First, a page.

Scanning fiber endoscope monitors carotid artery to track cardiovascular event risk

A previously developed scanning fiber endoscope device can improve views of the carotid artery.

Content Dam Bow Online Articles 2017 02 Endoscope Web

Knowing that strokes and heart attacks often strike without warning, a team of researchers at Michigan Medicine (University of Michigan; Ann Arbor, MI) has applied a previously developed scanning fiber endoscope (SFE) device to improve views of the carotid artery. The work could someday help physicians know who is at risk for a cardiovascular event by providing a better view of potential problem areas.

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First author Luis Savastano, MD, a Michigan Medicine resident neurosurgeon, explains that the SFE allows them to see—in very high resolution—the surface of the vessels and any lesions, such as a ruptured plaque, that could cause a stroke. The technology, he says, may even be able to show which silent, but at-risk, plaques may cause a cardiovascular event in the future.

The SFE used in the study was invented and developed by co-author and University of Washington mechanical engineering research professor Eric Seibel, Ph.D. He originally designed it for early cancer detection by clearly imaging cancer cells that are currently invisible with clinical endoscopes.

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A schematic of the scanning fiber endoscope setup that was developed at the University of Washington.

The Michigan Medicine team used the SFE device to acquire high-quality images of possible stroke-causing regions of the carotid artery that may not be detected with conventional radiological techniques. They worked with senior author Thomas Wang, MD, Ph.D., professor of internal medicine, biomedical engineering, and mechanical engineering, and the H Marvin Pollard Collegiate Professor of Endoscopy Research.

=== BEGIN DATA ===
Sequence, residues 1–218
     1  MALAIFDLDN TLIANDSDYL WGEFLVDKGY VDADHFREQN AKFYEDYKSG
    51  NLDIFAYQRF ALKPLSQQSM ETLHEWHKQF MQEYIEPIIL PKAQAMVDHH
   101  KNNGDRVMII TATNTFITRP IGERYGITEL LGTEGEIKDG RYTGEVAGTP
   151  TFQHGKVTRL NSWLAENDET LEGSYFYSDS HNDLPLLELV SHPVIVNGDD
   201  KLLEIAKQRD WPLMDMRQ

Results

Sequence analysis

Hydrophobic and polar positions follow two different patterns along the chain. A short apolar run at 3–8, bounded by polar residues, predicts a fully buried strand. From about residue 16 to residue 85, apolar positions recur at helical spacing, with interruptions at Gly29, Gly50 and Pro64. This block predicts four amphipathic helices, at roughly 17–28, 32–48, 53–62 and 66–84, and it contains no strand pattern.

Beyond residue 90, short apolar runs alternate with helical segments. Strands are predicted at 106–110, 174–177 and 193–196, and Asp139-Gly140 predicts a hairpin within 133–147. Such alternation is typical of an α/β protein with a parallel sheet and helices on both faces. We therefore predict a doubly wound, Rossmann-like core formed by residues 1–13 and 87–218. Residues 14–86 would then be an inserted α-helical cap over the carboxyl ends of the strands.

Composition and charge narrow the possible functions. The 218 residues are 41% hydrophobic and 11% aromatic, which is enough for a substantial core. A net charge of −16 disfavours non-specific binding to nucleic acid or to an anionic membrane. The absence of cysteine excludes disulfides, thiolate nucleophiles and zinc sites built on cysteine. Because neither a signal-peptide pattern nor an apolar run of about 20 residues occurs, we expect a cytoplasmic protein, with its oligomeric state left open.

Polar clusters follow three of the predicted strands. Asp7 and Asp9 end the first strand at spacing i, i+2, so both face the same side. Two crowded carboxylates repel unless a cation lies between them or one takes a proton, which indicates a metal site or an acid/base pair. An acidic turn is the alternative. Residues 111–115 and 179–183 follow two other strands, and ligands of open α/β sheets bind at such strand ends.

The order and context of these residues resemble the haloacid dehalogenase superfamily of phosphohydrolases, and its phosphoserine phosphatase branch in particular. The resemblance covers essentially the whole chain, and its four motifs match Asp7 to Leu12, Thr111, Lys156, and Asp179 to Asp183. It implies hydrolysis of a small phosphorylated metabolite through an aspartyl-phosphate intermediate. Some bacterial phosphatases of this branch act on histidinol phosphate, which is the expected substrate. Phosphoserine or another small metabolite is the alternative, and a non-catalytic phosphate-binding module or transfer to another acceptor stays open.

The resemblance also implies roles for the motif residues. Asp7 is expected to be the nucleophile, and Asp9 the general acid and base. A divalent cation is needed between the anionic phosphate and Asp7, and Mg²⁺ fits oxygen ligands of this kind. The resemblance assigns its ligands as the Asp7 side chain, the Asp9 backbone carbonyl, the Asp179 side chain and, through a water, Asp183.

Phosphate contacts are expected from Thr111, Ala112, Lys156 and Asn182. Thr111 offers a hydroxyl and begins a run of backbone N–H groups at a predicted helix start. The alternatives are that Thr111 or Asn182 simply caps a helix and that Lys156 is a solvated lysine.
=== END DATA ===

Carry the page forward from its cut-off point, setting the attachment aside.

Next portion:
The researchers generated images of human arteries using the SFE, which illuminates tissues with multiple laser beams, and digitally reconstructs high-definition images to determine the severity of atherosclerosis and other qualities of the vessel wall. It also uses fluorescence indicators to show key biological features associated with increased risk of stroke and heart attacks in the future.

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Scanning fiber angioscopic images with red reflectance for structural images (left) and blue fluorescence for label-free biochemical contrast (right). Images demonstrate multiple atherosclerotic lesions with very low fluorescence in the blue spectrum in comparison to the surrounding healthy artery.

An additional utility for the SFE is that it can also assist neurosurgeons with therapeutic interventions by guiding stent placement, releasing drugs and biomaterials and helping with surgeries, Seibel says.

Full details of the work appear in the journal Nature Biomedical Engineering; for more information, please visit http://dx.doi.org/10.1038/s41551-016-0023.

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